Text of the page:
Simulation technology originally developed for computer gaming is now being used to accurately test and ‘train’ autonomous vehicles without using real roads.
Hertfordshire-based technology firm rFpro has launched what it claims to be the world’s first commercially-ready platform to train and develop driverless cars in a safe virtual world.
Two major car makers have already signed up to use the new platform, which uses a digital environment to accurately represent the real world and allows manufacturers to test their systems in every scenario imaginable.
Chris Hoyle, technical director at rFpro, believes that autonomous vehicles are the future but says they are “simply not ready to be used on our roads with guaranteed safety yet”.
“Autonomous vehicles are the future, the market is expected to be worth up to $10 trillion, but debate is rising about whether these vehicles should be allowed on our roads, if not, how do we develop them?” he said.
Hoyle argues that hardware such as cameras and sensors are already approaching the level needed to achieve a fully autonomous world – but the ‘brain’ needs to be further developed.
“Our platform allows vehicle manufacturers to thoroughly test their technology and be absolutely confident in their systems before validation on real roads,” he said.
The technology has been developed over the last three years and has already been adopted by two vehicle manufacturers and three autonomous car developers.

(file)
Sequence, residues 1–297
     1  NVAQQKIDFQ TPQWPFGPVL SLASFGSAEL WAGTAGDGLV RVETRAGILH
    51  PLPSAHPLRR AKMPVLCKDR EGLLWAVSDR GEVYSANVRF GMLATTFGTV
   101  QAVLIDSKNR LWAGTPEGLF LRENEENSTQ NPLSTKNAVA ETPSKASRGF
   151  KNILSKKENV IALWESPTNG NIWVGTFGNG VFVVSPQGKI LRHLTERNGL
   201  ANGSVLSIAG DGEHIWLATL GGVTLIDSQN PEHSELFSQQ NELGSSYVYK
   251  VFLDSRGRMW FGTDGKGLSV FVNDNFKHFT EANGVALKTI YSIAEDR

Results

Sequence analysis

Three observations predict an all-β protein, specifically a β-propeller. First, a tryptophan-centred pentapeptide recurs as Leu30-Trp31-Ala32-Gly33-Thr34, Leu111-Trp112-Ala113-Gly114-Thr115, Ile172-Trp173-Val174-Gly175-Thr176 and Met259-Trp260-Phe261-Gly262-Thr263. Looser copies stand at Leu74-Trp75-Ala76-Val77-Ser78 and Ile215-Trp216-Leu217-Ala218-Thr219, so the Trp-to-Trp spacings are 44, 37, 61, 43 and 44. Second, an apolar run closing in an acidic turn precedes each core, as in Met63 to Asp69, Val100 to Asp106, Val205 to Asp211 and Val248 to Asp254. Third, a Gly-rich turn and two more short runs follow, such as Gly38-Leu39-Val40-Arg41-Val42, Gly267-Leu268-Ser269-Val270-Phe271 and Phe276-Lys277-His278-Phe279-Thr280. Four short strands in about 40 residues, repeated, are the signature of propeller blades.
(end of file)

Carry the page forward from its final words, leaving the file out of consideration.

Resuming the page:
It is also being used by a driverless motorsport series.
The digital platform gives users control of all the variables, such as traffic, pedestrians, weather and location, enabling them to test every eventuality.
It also allows humans to be introduced into the simulation, which Hoyle says is the best way to assess an autonomous vehicle’s decision making.
It is estimated the new platform will allow vehicle manufacturers to carry out the equivalent of two million miles of testing every month, which will speed up the development of driverless cars and significantly reduce the cost and time needed.
“By using multiple computers 24/7, manufacturers can undertake millions of miles of testing every month using our platform,” said Hoyle.
“Humans can also be introduced into the simulation, controlling surrounding cars or pedestrians, so we can assess an autonomous vehicle’s decision making and also the interaction between the vehicle and the driver, but most importantly it is carried out in a safe environment.”